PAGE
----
Losing access to a studio space with tools and equipment made me harshly reassess my craft and purpose during those two years. So upon arrival at GSU, I landed in an enormous open room to myself, with limitless directions in art I could take--- I felt completely lost. The solution? Do what you know-weld, paint, sculpt. That whole semester I spent it making crap. Literally, it was some of the worst work I feel I have ever made looking back at them. They had purpose for the moment and they opened me up to new possibilities for me down the road. In terms of their depth theoretically, historically, and their placement in a contemporary art world context: what a bunch of total crap. I count them as stepping stones to what happened next.

Semester 2, I had no where to go for Christmas break so I just lived in the studio while the rest of the town vacated to bigger and better things. This is when I feel back into clay. I had spent the whole first semester working in the ceramics studio as the graduate assistant and had been making things here and there on the side, but I decided give it a shot and work in the material I had worked in a majority of my undergrad, all of high school, and even so far back as sixth grade when I took my first ceramics class. That semester I developed new techniques with clay, fabrics, and clay bodies. It really was an eye opening semester of research and development.

Semester 3, was the moment of all out turmoil. It was my 30hr review, in which I had to make work to survive, literally. This semester I pushed the processes I had worked on further and further and made more relatable work to what my artist statement had been hinting at. I was getting closer to where I am now and I really felt like the introduction of casting ceramics, as well as using wheel thrown pieces, and hand built parts made my work better. I was pulling out all the stops for my defense and in the end I passed allowing me to get to where I am now.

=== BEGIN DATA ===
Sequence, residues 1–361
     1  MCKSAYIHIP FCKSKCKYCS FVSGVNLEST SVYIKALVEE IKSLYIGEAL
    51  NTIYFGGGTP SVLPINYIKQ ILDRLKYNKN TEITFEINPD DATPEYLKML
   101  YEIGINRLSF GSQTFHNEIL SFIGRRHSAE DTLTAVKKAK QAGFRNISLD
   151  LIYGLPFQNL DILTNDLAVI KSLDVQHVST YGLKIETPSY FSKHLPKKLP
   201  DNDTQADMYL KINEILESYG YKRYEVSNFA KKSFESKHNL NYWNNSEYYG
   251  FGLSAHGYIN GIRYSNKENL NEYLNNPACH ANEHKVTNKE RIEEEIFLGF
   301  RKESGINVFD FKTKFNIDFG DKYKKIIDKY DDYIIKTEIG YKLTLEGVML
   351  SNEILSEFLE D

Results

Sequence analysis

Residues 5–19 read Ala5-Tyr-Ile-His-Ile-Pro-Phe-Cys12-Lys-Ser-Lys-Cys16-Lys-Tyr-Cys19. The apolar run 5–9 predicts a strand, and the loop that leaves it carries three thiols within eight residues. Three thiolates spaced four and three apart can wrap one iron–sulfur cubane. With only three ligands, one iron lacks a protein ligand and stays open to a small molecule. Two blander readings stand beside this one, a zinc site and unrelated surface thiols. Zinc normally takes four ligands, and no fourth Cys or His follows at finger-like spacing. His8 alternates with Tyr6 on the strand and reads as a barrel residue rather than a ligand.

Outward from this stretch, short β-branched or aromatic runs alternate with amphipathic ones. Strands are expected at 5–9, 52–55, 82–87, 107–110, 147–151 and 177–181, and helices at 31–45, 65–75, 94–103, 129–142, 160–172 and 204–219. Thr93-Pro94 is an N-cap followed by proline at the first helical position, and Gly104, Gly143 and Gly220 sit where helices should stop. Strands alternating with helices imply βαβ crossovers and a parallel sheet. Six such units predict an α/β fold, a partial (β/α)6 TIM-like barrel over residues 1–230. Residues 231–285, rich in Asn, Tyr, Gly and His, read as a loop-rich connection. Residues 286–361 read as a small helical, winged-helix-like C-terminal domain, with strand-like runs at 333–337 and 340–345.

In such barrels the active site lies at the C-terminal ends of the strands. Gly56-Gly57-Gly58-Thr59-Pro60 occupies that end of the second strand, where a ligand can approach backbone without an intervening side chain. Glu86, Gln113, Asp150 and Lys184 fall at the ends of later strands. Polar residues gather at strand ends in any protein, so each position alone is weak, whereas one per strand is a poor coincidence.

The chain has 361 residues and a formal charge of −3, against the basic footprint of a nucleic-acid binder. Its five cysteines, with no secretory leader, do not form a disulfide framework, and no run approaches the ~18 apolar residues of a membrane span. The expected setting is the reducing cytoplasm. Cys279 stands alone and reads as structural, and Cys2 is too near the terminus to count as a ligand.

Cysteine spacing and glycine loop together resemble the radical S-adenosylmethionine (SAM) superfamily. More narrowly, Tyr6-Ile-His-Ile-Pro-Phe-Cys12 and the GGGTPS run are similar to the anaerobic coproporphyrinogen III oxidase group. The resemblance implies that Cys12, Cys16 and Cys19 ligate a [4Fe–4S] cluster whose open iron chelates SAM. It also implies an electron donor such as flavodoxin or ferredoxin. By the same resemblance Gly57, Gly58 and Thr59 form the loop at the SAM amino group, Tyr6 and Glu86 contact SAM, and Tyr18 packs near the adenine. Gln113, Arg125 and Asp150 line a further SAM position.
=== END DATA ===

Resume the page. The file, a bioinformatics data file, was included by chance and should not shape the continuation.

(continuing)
Semester 4, the semester of "last chance experiments" before the final year of thesis work begins. I am combining all my past experiences in the studio into one complete work. Expanding off the pedestal, onto the floor and the wall. Removing work form the obvious context and putting it into a more developed and understandable realm. I finally feel like my pieces are starting to get to the meat and potatoes of my statement, but I've got plenty more research to do. The last actual class I am taking aside from studio time and thesis work this semester, Art in Systems taught by Jason Hoelscher has opened me up to so many new things in the discourse of art. In the class we read articles, papers, magazine posts, and even some of his personal conference papers on topics spanning the art world. I really enjoy it, and believe it's making my work stronger than it's ever been, which is why I choose Hoelscher as my Thesis Chair for the next year. Having him help me push my ideas further is really going to challenge me and I look forward to the outcome.


Thats where I am at; it's been a long haul, much like my drive out here to Columbus but worth the trouble. We had an visiting artist Alicia LaChance come down from St. Louis to talk briefly about her work in the exhibition in the Contemporary Gallery at GSU, Flatbed Picture Planes as well as do individual visits with us graduate students. She was beyond inspiring, mostly because of the support she showed me throughout our talk in my studio. I showed her what I was currently working on (soon to be finished for you viewing pleasure), as well as past work and my website. We talked about future plans and what sort of things I needed to get into during my last year. The Craft Alliance Center for Art and Design was the biggest thing she turned me on to. After hearing about my residencies in Ireland, and some of my recent shows she insisted I reach out to them and make a connection. I've looking into their page and what they stand for in the arts and I have to say I am really interested in what could happen. It's one of the many things to dig into on my list of things to well, dig into!

Alicia Lachance

She also mentioned an artist to me named Kahlil Robert Irving. LaChance mentioned him mostly I believe for his use of materials, as well as his fellowships and exposure in the art world. After looking into his page and reading a few articles on him I can see why she made the connection. his website describes his work as:

Kahlil Robert Irving creates installations and sculptures that collage pattern color, complex forms, and recognizable objects relating to different signs and symbols from his cultural and social environment.